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This post addresses internal control and IT.

For internal control to be effective, it needs to be enthusiastically accepted by the management. The other components will be ineffective if the management has a tendency to override these controls. From an auditor's perspective, having a good knowledge of such practices has a significant contribution to understanding the internal controls of an organization.

Please share any experience you may have in this area.

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This is very true in regards to IT auditing. If you have never seen the GAAS standards broken down into three divisions, here is a copy of it that is pretty comprehensive: http://www.gao.gov/govaud/govaudhtml/d07731g-8.html

Basically, the main reason for internal controls in the first place is to prevent fraud and other acts of wrongdoing. The internal controls are equally important for both public and private companies, they're just aimed slightly different. For a public company, the main person we're protecting is the investor - this is why internal controls are designed, and it's because of how much money investors, as the primary stakeholder, have tied up in a company. When we're dealing with private companies, the main person we're protecting is the business owner. Private companies are limited on stakeholders and the usual makeup of stakeholders are the owner, employees, customers, and the community where the business resides. The controls, however, are designed to function the same. Now we move those ...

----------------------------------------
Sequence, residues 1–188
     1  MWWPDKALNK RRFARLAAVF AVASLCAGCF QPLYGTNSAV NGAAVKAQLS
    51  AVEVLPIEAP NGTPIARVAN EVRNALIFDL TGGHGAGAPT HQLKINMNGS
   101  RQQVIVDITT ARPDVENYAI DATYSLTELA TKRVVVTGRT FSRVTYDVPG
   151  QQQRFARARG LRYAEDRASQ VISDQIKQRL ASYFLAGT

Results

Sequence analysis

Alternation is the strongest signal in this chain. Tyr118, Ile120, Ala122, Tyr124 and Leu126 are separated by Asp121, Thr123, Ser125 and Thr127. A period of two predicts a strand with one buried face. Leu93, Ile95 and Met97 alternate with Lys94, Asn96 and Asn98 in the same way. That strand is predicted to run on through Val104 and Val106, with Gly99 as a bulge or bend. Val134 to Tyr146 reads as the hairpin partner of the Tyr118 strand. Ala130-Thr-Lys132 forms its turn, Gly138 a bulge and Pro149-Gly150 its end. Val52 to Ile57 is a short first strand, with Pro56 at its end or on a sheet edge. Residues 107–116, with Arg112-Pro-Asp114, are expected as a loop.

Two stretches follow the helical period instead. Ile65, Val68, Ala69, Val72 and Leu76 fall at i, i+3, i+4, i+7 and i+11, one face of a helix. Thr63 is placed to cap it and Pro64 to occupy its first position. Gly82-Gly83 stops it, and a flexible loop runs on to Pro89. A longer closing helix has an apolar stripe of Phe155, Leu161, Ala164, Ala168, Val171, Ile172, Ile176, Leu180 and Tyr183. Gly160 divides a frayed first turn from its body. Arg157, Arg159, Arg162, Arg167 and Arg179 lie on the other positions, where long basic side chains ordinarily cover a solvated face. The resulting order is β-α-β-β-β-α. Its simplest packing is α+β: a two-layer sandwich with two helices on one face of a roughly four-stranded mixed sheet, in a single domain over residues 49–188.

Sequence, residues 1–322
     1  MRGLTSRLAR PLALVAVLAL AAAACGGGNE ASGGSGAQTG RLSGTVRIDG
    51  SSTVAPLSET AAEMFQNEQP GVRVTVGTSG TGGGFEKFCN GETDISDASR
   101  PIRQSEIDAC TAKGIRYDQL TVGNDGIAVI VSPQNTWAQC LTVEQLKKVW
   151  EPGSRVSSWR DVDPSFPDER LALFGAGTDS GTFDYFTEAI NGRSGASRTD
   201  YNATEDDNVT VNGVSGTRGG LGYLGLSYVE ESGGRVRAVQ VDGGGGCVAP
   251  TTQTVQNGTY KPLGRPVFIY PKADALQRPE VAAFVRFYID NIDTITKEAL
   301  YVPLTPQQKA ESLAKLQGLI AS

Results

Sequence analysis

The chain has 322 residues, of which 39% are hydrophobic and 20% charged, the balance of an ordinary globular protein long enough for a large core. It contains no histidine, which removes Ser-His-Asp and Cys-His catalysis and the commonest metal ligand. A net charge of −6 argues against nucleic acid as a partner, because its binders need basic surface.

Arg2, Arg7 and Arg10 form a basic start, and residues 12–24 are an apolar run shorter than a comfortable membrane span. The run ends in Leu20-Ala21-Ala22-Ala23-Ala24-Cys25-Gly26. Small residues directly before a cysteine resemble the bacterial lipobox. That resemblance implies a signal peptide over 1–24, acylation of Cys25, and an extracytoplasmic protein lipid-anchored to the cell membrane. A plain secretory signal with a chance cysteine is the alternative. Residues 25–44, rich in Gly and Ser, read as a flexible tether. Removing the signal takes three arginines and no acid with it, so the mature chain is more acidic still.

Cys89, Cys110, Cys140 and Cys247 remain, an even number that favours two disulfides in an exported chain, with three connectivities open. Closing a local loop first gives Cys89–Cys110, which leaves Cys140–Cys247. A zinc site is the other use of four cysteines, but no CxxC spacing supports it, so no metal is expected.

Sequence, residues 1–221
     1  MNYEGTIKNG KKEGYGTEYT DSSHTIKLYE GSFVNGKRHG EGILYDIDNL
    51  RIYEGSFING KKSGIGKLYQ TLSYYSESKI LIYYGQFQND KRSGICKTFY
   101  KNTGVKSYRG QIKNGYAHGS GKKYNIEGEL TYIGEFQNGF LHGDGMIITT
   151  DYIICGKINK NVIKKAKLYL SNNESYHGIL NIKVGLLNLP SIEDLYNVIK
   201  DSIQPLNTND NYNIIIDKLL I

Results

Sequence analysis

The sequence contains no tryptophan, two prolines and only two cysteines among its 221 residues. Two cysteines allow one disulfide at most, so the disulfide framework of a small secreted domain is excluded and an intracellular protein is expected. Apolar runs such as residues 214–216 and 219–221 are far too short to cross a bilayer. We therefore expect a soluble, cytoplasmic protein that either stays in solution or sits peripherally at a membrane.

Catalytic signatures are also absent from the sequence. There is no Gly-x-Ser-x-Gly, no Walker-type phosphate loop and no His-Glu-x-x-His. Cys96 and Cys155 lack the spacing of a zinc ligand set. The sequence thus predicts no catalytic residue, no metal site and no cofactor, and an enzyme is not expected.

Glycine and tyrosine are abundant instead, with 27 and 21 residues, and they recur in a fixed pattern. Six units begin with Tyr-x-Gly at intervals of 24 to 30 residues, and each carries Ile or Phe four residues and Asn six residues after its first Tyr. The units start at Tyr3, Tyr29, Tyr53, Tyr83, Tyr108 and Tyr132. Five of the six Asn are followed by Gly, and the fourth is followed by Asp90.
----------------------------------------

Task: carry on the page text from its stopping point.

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This solution discusses the following scenario:

For internal control to be effective, it needs to be enthusiastically accepted by the management. The other components will be ineffective if the management has a tendency to override these controls. From an auditor's perspective, having a good knowledge of such practices has a significant contribution to understanding the internal controls of an organization.

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